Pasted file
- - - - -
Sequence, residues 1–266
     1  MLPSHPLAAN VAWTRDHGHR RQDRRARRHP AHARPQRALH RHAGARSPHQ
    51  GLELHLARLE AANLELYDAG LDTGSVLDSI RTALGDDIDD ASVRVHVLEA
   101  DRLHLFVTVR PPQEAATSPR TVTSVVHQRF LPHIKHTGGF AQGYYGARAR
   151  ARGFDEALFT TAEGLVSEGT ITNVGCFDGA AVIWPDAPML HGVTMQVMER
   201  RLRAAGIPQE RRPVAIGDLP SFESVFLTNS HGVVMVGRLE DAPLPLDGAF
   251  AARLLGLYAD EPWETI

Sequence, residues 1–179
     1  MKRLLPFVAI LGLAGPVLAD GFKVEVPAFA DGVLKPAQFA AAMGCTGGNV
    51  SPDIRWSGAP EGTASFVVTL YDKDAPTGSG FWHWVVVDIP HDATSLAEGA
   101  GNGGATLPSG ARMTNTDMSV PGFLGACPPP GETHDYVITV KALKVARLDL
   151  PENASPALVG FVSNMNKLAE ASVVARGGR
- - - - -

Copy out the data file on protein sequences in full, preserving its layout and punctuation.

Sequence, residues 1–266
     1  MLPSHPLAAN VAWTRDHGHR RQDRRARRHP AHARPQRALH RHAGARSPHQ
    51  GLELHLARLE AANLELYDAG LDTGSVLDSI RTALGDDIDD ASVRVHVLEA
   101  DRLHLFVTVR PPQEAATSPR TVTSVVHQRF LPHIKHTGGF AQGYYGARAR
   151  ARGFDEALFT TAEGLVSEGT ITNVGCFDGA AVIWPDAPML HGVTMQVMER
   201  RLRAAGIPQE RRPVAIGDLP SFESVFLTNS HGVVMVGRLE DAPLPLDGAF
   251  AARLLGLYAD EPWETI

Sequence, residues 1–179
     1  MKRLLPFVAI LGLAGPVLAD GFKVEVPAFA DGVLKPAQFA AAMGCTGGNV
    51  SPDIRWSGAP EGTASFVVTL YDKDAPTGSG FWHWVVVDIP HDATSLAEGA
   101  GNGGATLPSG ARMTNTDMSV PGFLGACPPP GETHDYVITV KALKVARLDL
   151  PENASPALVG FVSNMNKLAE ASVVARGGR